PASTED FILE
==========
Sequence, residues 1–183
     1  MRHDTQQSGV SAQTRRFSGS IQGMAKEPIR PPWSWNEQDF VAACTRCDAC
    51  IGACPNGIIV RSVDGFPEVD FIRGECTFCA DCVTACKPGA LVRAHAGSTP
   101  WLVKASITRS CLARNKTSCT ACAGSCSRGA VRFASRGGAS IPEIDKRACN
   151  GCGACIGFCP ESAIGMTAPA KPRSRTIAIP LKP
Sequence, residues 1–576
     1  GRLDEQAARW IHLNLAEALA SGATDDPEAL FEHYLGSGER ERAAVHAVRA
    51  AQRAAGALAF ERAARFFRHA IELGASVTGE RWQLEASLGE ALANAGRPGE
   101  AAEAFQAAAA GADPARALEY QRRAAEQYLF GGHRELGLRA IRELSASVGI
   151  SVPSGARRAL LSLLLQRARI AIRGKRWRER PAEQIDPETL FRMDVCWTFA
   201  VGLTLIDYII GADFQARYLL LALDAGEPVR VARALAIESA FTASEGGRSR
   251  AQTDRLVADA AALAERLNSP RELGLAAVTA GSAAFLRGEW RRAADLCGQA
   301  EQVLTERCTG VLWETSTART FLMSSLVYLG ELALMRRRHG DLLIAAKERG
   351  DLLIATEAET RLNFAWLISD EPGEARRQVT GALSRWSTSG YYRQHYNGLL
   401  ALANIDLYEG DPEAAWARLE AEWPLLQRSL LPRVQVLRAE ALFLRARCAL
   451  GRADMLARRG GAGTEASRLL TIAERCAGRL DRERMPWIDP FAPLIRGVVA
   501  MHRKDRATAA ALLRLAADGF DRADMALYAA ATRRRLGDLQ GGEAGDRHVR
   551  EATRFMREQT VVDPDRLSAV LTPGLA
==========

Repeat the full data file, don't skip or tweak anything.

Sequence, residues 1–183
     1  MRHDTQQSGV SAQTRRFSGS IQGMAKEPIR PPWSWNEQDF VAACTRCDAC
    51  IGACPNGIIV RSVDGFPEVD FIRGECTFCA DCVTACKPGA LVRAHAGSTP
   101  WLVKASITRS CLARNKTSCT ACAGSCSRGA VRFASRGGAS IPEIDKRACN
   151  GCGACIGFCP ESAIGMTAPA KPRSRTIAIP LKP
Sequence, residues 1–576
     1  GRLDEQAARW IHLNLAEALA SGATDDPEAL FEHYLGSGER ERAAVHAVRA
    51  AQRAAGALAF ERAARFFRHA IELGASVTGE RWQLEASLGE ALANAGRPGE
   101  AAEAFQAAAA GADPARALEY QRRAAEQYLF GGHRELGLRA IRELSASVGI
   151  SVPSGARRAL LSLLLQRARI AIRGKRWRER PAEQIDPETL FRMDVCWTFA
   201  VGLTLIDYII GADFQARYLL LALDAGEPVR VARALAIESA FTASEGGRSR
   251  AQTDRLVADA AALAERLNSP RELGLAAVTA GSAAFLRGEW RRAADLCGQA
   301  EQVLTERCTG VLWETSTART FLMSSLVYLG ELALMRRRHG DLLIAAKERG
   351  DLLIATEAET RLNFAWLISD EPGEARRQVT GALSRWSTSG YYRQHYNGLL
   401  ALANIDLYEG DPEAAWARLE AEWPLLQRSL LPRVQVLRAE ALFLRARCAL
   451  GRADMLARRG GAGTEASRLL TIAERCAGRL DRERMPWIDP FAPLIRGVVA
   501  MHRKDRATAA ALLRLAADGF DRADMALYAA ATRRRLGDLQ GGEAGDRHVR
   551  EATRFMREQT VVDPDRLSAV LTPGLA